Of course, it cuts both ways, explains Mr Strong, as any appreciation in the pound in this scenario would mean the client has locked themselves into an unfavourable rate.
“There is no right or wrong answer.”
In Mr Strong’s opinion, attempting to forecast the currency markets with any certainty is an impossible task, adding he would be retired by now if he could.
But there are certain developments Mr Strong says are impacting the currency markets.
“The US Federal Reserve have just raised rates. Personally I don’t think they should have done. In fact, in the UK we are now talking about if we should go negative and follow Japan.”
Negative interest rates effectively mean people end up regularly paying to keep their money deposited, as opposed to gaining a small amount of interest.
The reason behind a negative rate is to stimulate the economy by ensuring it is unattractive for people to put money aside, meaning they either spend it and boost consumption, or invest it in search of yield.
Borrowing becomes cheaper and it weakens currencies by making them less attractive for speculators searching for a return, helping to ensure more competitive exports.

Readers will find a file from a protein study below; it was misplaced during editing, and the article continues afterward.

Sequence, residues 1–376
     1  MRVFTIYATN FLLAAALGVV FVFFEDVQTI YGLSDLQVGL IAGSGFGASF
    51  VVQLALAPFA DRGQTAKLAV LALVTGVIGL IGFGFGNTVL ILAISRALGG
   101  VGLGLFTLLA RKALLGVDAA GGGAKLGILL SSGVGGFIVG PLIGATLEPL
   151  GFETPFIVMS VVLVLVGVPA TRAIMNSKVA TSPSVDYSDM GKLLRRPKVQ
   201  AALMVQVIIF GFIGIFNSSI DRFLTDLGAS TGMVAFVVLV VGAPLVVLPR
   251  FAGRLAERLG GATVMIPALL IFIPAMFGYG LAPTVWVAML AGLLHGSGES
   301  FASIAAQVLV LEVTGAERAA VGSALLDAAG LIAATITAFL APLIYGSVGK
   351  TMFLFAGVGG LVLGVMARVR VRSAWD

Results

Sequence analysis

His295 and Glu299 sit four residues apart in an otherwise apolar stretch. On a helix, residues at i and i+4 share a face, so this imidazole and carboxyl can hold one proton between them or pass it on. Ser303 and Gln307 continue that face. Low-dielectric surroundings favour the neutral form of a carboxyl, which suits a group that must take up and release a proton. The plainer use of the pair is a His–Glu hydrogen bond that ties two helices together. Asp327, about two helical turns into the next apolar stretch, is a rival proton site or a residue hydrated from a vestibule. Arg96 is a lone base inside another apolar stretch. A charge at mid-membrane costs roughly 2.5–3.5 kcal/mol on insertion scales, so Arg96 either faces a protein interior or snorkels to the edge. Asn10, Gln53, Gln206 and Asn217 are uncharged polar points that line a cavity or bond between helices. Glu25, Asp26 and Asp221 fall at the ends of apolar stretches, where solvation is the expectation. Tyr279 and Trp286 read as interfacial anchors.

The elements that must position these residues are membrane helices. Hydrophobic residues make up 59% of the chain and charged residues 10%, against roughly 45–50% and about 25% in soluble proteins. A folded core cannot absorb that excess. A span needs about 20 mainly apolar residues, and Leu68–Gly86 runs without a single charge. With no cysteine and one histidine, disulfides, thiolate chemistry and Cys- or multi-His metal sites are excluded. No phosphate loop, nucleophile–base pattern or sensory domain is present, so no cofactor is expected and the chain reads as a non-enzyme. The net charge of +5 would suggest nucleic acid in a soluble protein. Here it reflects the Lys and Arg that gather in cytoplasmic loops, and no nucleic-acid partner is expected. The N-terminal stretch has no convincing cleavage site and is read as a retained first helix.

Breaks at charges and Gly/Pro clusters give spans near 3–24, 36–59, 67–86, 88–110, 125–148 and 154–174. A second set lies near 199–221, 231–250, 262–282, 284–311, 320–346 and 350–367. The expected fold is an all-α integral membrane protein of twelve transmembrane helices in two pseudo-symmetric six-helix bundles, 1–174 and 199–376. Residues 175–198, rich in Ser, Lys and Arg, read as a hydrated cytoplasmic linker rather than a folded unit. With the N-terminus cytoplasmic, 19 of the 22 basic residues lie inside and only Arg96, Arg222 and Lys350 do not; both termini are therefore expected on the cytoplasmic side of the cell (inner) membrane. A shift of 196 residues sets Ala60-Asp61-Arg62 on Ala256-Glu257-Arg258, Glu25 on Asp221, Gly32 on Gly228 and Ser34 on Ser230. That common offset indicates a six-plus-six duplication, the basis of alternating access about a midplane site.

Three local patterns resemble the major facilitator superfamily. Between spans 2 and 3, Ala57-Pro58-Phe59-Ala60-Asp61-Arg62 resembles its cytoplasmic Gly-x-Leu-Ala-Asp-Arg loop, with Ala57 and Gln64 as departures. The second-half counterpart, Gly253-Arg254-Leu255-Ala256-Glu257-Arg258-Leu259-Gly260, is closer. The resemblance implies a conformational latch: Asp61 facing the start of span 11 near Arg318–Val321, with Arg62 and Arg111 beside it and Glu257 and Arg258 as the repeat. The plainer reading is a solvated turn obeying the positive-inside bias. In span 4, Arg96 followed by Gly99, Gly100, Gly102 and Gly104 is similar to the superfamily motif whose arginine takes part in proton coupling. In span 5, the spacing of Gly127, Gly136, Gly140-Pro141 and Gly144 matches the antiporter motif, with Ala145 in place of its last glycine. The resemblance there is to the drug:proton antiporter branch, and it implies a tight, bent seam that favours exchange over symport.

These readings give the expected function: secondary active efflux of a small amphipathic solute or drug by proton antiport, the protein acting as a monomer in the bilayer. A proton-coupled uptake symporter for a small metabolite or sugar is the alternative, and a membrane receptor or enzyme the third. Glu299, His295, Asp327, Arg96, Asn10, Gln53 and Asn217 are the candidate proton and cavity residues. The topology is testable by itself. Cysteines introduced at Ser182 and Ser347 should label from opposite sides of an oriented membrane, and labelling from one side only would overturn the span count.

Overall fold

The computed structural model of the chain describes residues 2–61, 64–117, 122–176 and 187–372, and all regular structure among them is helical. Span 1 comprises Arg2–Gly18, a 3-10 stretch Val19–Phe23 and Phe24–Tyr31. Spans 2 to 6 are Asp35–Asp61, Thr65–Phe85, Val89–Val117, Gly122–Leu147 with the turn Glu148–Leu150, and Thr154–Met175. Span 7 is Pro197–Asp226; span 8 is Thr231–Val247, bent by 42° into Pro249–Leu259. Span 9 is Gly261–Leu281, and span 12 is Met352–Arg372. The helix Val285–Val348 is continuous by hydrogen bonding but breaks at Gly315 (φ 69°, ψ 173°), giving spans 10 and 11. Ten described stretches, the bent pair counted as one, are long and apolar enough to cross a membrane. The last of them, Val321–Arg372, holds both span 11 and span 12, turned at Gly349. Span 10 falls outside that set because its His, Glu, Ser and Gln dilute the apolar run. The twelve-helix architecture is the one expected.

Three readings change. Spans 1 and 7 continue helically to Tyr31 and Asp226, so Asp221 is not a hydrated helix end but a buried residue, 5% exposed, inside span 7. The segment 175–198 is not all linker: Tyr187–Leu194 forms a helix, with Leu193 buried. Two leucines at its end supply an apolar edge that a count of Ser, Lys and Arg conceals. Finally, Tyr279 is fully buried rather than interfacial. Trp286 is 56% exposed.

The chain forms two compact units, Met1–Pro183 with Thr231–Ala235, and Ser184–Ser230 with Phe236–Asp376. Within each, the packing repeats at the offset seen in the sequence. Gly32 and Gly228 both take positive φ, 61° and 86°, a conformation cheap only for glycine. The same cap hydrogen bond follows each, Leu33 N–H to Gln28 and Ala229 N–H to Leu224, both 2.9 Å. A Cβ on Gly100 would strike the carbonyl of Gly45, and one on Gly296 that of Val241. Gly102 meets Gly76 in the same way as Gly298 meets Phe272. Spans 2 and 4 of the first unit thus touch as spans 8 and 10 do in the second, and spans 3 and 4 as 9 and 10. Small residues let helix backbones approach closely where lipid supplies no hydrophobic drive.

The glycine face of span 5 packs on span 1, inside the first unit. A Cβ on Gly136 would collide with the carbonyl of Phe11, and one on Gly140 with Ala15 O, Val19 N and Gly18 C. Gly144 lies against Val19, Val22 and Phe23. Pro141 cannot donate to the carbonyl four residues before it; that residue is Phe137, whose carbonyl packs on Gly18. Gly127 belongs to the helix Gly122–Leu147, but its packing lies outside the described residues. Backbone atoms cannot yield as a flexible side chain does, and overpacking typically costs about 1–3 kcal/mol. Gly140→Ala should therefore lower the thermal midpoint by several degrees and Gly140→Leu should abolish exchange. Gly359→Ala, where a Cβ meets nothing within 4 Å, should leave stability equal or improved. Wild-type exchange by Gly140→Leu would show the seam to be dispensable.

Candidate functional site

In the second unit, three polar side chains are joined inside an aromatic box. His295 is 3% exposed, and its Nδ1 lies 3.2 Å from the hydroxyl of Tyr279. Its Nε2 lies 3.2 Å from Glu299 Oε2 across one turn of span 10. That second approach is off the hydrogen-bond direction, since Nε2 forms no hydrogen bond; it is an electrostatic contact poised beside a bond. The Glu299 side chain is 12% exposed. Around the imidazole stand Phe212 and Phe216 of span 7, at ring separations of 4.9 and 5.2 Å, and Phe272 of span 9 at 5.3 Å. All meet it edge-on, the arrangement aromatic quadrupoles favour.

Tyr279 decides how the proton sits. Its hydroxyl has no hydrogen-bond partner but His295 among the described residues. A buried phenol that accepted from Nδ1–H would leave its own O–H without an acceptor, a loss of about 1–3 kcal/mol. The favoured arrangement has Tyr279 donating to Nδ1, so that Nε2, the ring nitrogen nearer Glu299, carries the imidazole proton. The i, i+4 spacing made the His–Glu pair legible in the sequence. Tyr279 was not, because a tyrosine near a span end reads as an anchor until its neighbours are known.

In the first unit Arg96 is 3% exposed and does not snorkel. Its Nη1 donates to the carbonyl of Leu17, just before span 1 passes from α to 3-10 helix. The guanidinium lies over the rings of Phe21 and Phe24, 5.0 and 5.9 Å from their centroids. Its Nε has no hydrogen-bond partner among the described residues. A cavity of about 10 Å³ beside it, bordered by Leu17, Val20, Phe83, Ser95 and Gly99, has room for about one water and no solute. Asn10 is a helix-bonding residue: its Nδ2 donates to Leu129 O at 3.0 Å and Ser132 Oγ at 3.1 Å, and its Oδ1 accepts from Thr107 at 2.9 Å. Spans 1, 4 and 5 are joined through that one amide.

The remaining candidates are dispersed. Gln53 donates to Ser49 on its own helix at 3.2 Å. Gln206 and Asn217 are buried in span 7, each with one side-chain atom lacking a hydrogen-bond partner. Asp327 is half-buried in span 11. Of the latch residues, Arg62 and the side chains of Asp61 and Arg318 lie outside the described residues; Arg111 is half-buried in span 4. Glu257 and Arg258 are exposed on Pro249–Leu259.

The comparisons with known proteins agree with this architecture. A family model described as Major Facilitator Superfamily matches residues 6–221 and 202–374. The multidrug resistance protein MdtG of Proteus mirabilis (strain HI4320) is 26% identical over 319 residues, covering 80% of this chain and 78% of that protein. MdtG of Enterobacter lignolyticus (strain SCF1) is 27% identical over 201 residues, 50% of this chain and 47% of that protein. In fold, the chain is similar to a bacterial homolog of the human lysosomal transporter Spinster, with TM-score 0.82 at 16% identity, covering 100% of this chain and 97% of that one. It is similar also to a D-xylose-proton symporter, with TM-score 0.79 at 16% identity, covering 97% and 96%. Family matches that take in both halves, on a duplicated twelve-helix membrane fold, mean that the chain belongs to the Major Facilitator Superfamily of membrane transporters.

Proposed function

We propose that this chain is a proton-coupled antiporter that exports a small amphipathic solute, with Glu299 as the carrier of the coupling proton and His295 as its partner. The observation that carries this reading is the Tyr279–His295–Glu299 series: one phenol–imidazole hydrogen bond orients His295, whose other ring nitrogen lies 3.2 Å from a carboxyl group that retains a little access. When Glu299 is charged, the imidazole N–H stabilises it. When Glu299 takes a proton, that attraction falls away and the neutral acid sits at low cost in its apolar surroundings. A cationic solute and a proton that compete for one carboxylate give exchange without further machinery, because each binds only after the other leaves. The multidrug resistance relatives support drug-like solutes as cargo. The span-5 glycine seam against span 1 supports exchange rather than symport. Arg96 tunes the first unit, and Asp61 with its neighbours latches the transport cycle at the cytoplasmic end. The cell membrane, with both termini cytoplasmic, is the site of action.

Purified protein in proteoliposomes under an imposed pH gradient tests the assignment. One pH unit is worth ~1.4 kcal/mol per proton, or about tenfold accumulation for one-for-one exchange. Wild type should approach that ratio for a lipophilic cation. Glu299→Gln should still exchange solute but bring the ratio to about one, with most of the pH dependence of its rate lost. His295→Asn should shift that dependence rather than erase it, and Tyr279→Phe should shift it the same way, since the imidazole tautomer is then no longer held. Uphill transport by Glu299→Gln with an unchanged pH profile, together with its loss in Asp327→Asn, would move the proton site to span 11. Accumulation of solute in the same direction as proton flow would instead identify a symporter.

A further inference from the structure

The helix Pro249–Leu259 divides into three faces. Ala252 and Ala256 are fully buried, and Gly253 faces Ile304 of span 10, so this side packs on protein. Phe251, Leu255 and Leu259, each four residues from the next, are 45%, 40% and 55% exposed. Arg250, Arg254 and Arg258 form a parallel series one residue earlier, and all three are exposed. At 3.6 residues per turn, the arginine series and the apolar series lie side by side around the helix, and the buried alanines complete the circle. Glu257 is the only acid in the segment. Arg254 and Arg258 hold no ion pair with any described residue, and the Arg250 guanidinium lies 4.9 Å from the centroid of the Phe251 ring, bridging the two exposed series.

However, ‘loose’ monetary policy makes it more likely bubbles build up in the markets which can sometimes be devastating when they burst, and weak currencies make imports more expensive.
Mr Strong adds: “The economic recovery in the UK is not bad, but it’s not great, and in my view we are not out of the woods yet.
“The Bank of England say interest rates will be going up in 2017, but my personal view is they won’t. If anything they will be held at 0.5 per cent, or even cut to 0.25 per cent.”
He also thinks a Brexit will have a huge impact on the foreign exchange market.
“It will be carnage,” he says. “There will be an increase in volatility, rumours and speculation, but it is unprecedented, so all I can do is guess.
“Sterling could devalue overnight, but there will be a run on the pound for sure by the speculators before a rebalancing.
“But sooner or later something else will happen in the world and the market focus will shift on to that.”
However, there are potential positives for Capital Currencies, believes Mr Strong.
“If we could get rid of some of the pointless EU directives that would be fabulous, and make our own sensible ones for our own banking and financial markets – that would be good.
“I don’t think you need to be ‘in it’ to be compliant with their regulations. We are not part of the US but we have to follow some of theirs.
“Personally, on a selfish basis, I think leaving will be good for business.”